India needs to gear up to tackle TPP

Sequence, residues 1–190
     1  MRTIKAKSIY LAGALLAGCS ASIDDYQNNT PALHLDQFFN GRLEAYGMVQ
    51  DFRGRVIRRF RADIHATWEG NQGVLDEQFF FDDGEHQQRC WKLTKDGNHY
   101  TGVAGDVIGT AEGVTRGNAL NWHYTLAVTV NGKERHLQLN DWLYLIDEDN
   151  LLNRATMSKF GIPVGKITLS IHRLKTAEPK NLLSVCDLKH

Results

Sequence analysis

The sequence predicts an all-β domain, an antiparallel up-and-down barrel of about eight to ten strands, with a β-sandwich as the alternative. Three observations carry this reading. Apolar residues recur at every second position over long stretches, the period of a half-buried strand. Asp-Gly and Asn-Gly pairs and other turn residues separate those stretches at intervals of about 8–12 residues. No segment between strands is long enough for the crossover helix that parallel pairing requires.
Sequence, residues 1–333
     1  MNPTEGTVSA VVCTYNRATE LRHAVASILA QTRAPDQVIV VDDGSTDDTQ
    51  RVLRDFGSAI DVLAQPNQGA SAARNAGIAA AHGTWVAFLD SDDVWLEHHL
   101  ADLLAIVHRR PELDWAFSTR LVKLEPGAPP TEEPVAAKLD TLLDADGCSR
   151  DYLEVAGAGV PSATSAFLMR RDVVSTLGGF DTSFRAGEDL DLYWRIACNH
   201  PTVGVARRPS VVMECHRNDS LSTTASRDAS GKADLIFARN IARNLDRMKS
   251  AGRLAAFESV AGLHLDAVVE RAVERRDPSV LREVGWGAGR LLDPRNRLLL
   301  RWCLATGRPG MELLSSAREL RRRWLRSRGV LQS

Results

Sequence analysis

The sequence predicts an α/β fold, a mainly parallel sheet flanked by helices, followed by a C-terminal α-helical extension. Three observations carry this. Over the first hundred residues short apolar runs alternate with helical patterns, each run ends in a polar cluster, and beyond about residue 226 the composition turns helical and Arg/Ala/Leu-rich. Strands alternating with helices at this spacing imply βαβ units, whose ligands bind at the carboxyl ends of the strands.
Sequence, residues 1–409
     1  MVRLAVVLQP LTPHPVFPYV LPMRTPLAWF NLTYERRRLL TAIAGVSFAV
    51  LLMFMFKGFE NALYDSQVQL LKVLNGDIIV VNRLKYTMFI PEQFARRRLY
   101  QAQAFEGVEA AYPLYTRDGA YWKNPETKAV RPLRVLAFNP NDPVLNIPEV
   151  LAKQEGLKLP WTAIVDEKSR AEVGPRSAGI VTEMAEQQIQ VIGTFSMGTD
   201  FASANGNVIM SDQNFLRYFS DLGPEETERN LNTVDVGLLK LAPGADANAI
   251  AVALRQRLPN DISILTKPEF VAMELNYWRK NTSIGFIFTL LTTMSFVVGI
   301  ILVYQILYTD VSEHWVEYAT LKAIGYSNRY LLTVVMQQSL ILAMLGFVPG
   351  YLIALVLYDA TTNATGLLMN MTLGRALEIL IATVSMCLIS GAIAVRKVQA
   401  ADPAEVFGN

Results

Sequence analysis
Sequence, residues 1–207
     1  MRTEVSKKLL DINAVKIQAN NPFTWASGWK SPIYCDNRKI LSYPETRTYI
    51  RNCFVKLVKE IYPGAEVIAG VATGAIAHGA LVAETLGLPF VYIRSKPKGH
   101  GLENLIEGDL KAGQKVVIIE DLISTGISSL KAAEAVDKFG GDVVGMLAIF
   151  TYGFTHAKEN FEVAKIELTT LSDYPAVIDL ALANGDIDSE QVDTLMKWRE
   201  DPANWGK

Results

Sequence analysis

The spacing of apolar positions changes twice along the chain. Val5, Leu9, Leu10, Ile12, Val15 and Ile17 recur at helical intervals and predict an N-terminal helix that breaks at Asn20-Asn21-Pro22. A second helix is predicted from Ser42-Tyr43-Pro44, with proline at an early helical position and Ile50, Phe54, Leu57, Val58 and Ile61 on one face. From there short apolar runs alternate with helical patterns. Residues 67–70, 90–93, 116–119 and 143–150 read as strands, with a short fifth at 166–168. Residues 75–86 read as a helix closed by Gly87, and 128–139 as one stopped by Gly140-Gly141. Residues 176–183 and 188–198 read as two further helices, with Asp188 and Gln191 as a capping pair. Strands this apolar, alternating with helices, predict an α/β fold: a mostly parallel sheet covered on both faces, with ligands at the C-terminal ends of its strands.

The Trans-Pacific Partnership (TPP) trade agreement between 12 Pacific Rim countries is not just another tariff-eliminating mega regional trade pact, but it is about developing a higher global standard for international trade – encompassing lower benchmarks for non-tariff barriers, more stringent labour and environment regulations, higher intellectual property rights (IPR) protection, greater transparency in government procurement and limiting advantages to SOE (state-owned enterprises). In this paper, we compare the TPP agreement with other mega regional trade agreements both existing and in the pipeline and examine the implications for India. We find that it will be difficult for India to join the TPP at this stage even if it is invited because of the high standards for behind-the-border measures like labour, environment, etc. India is unlikely to experience any significant export diversification in the short-term but it cannot be denied that some trade and investment diversion will occur as a consequence of the TPP in the medium-term, thereby hurting the Indian economy. India needs a multi-pronged approach to mitigate this negative impact of which the most critical is to implement urgent reforms in India’s domestic policies to close the gap with the ‘new-normal’ in global trade-related standards. Otherwise, India will get isolated from the global supply chain. The best option for India will be to finalise the ongoing trade negotiations while implementing necessary domestic reforms. The government should use the threat of isolation from major trade flows to bring the political opposition and domestic industry on board for implementing necessary institutional and structural reforms. Domestic industry and the government, working in partnership, could then look at these trade agreements as opportunities, which if exploited would give the much needed push to growth and employment generation.